website layout

Drupal 8 out of the box is pretty powerful, but the Paragraphs module takes your content entry and theming to the next level. By installing and enabling Paragraphs on your Drupal site, content creators will get access to a number of design options for content types that allow them to let content dictate the design. If you are utilizing the Bootstrap framework for your theme, there is also a Bootstrap Paragraphs module.

Setup-wise, first install and turn on the module (/admin/modules). Then, visit the module UI at /admin/structure/paragraphs_type. This module provides a way to display rows of content (called Paragraphs) outside of a WYSIWYG editor. Paragraphs can be as simple as a title and snippet of text, or as complex as accordions and slideshows.

Paragraphs can also be referenced in other Paragraphs. For instance, let’s say you want to create a new Paragraph that provides a title field, and you want the option of having the title be a link or just plain text. First, you’d create a “title option link” Paragraph, with field link. Then, you’d create a “title option text” Paragraph for the plain text option. Now, we’ll create a “section with title” Paragraph, adding a Paragraph field for “title option.” On “allowed number of values,” we’ll select 1, which will restrict the user to selecting either a link or plain text field. On the next screen, add help text (if needed), then select the two newly created Paragraph title options (“title option link” and “title option text”).

Now, when a content creator adds the “section with title” Paragraph, they will see the option to add a linked title or a plain text title. Once one selection has been made, they will not get an option for any other, since we set the max to 1. 

Another Paragraph option could be a row with two columns: one for media, and one for text. Create a new Paragraph called “media text”. Then, add an image field (or media if you’re using the Media module), and then a long formatted text field. We’ll add some more detailed customization by also adding in a list text field called “image placement” that contains  the terms “left” and “right”. This will allow the content creators the option of changing the image placement (if the image appears in the left or right column) on each Paragraph instance.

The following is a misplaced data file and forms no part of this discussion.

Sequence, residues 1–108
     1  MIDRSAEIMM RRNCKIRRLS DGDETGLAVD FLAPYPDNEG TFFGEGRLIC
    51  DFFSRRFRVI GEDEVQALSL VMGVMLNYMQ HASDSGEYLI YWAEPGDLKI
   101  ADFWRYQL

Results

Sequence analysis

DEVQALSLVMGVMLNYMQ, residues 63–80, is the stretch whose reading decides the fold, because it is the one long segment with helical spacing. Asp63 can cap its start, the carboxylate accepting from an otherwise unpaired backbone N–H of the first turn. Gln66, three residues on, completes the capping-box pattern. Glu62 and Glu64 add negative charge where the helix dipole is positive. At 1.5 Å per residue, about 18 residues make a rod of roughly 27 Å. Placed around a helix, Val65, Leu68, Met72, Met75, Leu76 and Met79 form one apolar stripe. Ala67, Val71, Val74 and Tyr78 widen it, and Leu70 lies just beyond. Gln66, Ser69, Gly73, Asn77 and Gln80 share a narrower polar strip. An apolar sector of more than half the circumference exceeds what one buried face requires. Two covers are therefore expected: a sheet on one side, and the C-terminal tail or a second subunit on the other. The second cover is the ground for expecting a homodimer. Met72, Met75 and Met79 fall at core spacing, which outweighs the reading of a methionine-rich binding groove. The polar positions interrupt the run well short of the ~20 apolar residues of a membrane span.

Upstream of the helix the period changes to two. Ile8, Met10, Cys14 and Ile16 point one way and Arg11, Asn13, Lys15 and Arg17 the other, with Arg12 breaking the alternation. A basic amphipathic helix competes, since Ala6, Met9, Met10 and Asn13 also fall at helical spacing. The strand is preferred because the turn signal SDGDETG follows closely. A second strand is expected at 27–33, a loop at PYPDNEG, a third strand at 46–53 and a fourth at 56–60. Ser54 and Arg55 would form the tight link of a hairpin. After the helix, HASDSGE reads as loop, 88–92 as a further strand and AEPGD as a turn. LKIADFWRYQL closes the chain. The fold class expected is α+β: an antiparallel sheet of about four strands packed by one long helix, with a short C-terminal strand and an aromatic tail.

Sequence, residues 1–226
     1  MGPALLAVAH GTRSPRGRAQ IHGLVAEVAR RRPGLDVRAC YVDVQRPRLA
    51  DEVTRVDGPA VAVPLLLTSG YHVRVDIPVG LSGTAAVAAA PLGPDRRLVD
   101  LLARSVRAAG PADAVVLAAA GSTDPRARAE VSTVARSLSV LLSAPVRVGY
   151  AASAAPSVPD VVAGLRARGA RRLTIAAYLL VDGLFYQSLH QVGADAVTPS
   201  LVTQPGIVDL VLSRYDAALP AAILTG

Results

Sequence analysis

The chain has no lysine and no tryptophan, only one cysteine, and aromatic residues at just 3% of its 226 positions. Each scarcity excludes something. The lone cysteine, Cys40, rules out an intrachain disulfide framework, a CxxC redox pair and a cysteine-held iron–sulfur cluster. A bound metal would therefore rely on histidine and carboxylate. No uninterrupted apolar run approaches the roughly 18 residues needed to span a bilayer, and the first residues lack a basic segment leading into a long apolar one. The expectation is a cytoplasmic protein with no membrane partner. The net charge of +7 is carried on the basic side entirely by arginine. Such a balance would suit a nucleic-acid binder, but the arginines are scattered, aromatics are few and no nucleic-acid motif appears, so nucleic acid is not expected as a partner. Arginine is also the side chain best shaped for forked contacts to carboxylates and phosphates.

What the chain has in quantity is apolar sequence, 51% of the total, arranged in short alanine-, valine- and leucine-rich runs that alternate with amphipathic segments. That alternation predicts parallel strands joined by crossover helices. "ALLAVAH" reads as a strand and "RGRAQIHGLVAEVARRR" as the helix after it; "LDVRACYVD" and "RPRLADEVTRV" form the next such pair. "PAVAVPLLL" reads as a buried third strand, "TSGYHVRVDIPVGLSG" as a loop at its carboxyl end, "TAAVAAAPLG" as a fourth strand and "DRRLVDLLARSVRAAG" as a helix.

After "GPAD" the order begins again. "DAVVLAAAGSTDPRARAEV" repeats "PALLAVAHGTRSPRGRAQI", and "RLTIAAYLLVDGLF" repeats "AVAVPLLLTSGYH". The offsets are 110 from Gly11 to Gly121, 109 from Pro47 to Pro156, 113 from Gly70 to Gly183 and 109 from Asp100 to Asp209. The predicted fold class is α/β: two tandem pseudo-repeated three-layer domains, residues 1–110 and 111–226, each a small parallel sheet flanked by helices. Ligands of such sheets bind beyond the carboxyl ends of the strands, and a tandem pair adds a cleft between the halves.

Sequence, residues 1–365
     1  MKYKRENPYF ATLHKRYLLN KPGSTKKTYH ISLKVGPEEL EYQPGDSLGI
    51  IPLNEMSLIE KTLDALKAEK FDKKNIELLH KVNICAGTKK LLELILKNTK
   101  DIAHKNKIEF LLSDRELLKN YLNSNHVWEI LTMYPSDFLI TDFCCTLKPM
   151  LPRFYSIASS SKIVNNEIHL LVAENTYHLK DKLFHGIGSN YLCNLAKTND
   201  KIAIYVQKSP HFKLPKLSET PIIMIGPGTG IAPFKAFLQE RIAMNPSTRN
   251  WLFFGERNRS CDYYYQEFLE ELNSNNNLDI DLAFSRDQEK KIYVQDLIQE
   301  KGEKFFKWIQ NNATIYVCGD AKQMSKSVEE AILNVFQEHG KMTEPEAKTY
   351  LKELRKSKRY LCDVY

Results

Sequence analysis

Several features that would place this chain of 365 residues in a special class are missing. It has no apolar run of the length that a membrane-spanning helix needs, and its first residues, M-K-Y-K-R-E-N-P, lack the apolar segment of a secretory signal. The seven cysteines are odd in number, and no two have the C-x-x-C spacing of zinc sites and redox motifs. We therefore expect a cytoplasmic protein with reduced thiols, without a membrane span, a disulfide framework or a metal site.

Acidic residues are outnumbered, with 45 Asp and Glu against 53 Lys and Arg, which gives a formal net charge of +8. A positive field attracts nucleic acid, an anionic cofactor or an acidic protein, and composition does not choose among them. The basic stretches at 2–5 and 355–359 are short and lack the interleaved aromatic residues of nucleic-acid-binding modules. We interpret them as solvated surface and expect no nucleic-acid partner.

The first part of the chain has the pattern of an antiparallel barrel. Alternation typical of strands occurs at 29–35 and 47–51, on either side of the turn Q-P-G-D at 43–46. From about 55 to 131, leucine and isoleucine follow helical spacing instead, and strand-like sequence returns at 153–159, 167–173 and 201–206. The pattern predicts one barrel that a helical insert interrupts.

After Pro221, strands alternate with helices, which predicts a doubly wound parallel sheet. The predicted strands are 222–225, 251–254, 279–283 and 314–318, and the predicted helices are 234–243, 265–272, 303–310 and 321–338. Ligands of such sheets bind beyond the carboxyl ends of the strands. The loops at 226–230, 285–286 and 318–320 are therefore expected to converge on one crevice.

To make the image placement customization work, we’ll need to create a Paragraph template. All these Paragraphs are created, but design-wise, they are a jumble of fields. Our previous post on Drupal 8 Debugging tells you how to view template suggestions to find the naming conventions for our Paragraphs.

In our theme templates folder [website/themes/theme/templates], we’ll create a new template for our Paragraph based on the above suggestion. Inside that template, we’ll add some twig to the div with the row element:

<div class=”row image-{{ content.field_image_placement[0]['#markup'] }}”>

The additional class will either be “image-right” or “image-left”. I’m going to put the image in the second column, however, in our CSS, we’ll use this awesome css property “flex-direction”. If the image should be on the right, then we won’t need to change a thing. If it should be on the left, we’ll add the following code to an .scss file, which will swap the columns, making the image now appear in the first column:

.image-left {
  flex-direction: row-reverse;

The above examples are only the tip of the iceberg; the Paragraphs Module can add so much flexibility for content creators that it truly becomes a “one size fits most” solution to cover virtually all types of your most common content. Add in Drupal’s Layout Builder, and it has never been easier to create organized, visually stunning content on a Drupal 8 website.